THEORIES & Religious Research Theories Listed & Defined by ARDA: Association of Religious Data Archives

Commentary by Dr. Whitesel: The ARDA is the best place to find a compilation of theories and research on the church compiled by scholars. It is compiled by my colleague Roger Finke and his colleagues Penn. State University.

Religious Research Theories

Learn about other theories of religion:
arrow.jpgChurch/Sect Cycle
arrow.jpgCivilization Theory
arrow.jpgCognitive Theories
arrow.jpgConversion Theory
arrow.jpgCyclical Theory
arrow.jpgDemographic Transition Theory
arrow.jpgModernization Theory
arrow.jpgRational Choice/Religious Economies
arrow.jpgSocial Network Theory
arrow.jpgSub-Cultural Identity Theory of Persistence and Strength

Theories bpc_icon_theory.jpg

In the social sciences generally, as well as in the social science of religion, the term theory is actually used in a multitude of applications. In a sense, every specific theory embodies a somewhat different idea of what theory means, so it is not surprising that this word tends to confuse people. For example, fully 93 articles in the Stanford Encyclopedia of Philosophy have “theory” in their titles, yet they approach it from almost as many different directions.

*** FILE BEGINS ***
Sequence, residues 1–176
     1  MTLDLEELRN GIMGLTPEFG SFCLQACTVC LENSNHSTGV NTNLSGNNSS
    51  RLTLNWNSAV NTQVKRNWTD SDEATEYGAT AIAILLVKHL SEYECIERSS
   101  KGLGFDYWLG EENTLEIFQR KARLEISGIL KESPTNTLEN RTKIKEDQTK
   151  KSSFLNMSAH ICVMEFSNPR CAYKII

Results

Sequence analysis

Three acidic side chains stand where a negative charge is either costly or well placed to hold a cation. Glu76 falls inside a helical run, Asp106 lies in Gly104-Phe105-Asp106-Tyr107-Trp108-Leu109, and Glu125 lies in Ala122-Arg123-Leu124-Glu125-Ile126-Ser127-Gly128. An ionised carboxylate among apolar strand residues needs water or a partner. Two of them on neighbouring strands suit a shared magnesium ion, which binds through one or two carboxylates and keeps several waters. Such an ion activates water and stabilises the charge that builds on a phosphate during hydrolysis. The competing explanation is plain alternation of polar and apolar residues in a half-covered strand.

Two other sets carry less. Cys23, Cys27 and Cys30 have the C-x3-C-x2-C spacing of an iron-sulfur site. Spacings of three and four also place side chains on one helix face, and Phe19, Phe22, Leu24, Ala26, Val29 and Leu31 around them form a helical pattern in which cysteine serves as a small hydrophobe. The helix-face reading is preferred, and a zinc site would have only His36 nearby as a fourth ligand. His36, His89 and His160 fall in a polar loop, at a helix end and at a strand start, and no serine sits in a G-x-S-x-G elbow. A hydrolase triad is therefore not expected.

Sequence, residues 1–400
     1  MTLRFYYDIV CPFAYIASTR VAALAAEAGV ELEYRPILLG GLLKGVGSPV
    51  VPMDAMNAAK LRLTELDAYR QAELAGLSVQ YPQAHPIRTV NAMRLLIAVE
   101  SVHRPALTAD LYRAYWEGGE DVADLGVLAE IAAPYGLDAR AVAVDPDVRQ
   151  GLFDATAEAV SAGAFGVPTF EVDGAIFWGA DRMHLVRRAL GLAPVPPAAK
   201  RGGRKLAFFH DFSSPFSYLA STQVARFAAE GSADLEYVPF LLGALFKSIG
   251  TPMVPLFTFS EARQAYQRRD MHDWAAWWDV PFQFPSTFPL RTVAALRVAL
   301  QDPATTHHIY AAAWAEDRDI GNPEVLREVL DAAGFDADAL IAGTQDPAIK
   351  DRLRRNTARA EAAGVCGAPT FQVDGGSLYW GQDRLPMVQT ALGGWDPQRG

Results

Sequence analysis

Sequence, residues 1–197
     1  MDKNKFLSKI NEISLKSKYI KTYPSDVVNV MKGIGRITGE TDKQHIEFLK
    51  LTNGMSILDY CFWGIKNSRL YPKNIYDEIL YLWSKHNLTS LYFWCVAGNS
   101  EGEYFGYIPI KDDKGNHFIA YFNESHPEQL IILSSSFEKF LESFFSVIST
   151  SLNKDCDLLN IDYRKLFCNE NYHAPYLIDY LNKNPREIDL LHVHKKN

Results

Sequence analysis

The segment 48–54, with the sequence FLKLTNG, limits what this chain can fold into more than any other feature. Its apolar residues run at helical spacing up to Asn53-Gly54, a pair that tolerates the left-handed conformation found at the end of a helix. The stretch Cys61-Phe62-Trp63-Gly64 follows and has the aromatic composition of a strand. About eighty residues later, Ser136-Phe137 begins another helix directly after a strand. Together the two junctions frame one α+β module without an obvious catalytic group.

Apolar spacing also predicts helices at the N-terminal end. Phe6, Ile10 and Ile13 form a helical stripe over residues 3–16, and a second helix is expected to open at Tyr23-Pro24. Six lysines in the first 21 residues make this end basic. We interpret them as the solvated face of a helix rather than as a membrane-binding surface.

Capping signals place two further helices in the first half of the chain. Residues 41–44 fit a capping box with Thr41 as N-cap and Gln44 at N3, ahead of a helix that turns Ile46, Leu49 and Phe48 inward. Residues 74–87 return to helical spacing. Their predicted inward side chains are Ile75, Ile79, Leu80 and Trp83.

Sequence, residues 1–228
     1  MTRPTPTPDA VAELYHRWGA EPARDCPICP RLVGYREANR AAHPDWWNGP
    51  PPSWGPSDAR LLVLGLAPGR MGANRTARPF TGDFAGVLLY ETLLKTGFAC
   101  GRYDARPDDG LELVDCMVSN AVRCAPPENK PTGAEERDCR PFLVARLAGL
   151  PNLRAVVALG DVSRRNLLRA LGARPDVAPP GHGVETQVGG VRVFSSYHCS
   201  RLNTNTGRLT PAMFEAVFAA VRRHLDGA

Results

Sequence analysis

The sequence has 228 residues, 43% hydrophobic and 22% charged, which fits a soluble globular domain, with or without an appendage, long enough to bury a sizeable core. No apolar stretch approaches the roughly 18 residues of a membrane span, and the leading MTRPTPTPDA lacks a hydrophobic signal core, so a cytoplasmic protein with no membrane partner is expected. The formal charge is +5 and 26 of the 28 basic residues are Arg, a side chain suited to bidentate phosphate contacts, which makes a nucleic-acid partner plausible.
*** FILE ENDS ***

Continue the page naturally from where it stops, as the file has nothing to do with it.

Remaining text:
Citing the work of Rodney Stark and William Bainbridge, we offer the following general definition of a theory:

A theory is a set of statements, or hypotheses, about relationships among a set of abstract concepts. These statements say how and why the concepts are interrelated. Furthermore, these statements must give rise to implications that potentially are falsifiable empirically.


a) Rodney Stark and William Sims Bainbridge, A Theory of Religion (New York: Toronto/Lang, 1987), p. 13.

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MEGACHURCHES & The Worldwide List

by Warren Bird, Leadership Network

“The list is not based on membership, seating capacity or building size but on actual worship attendance – adults and children, all services, all physical campuses on an average weekend for the year, not counting anyone twice. It is limited to Protestant congregations. Multisite churches are counted as part of one congregation if they are all under the same leader and governance, adhere to the same doctrine, identify together under a similar name or association, and share finances at some level.

Click to View the World Megachurches List (To download a copy to your computer, click the image above, then choose File –> Download as)

Spread the Word, Improve the List

Feel free also to publicize or cite this listing. The shortcut link is Also if you’d like to receive news and information on resources of interest for leaders of growing churches, please subscribe to our free e-newsletter: Leadership Network Advance.”

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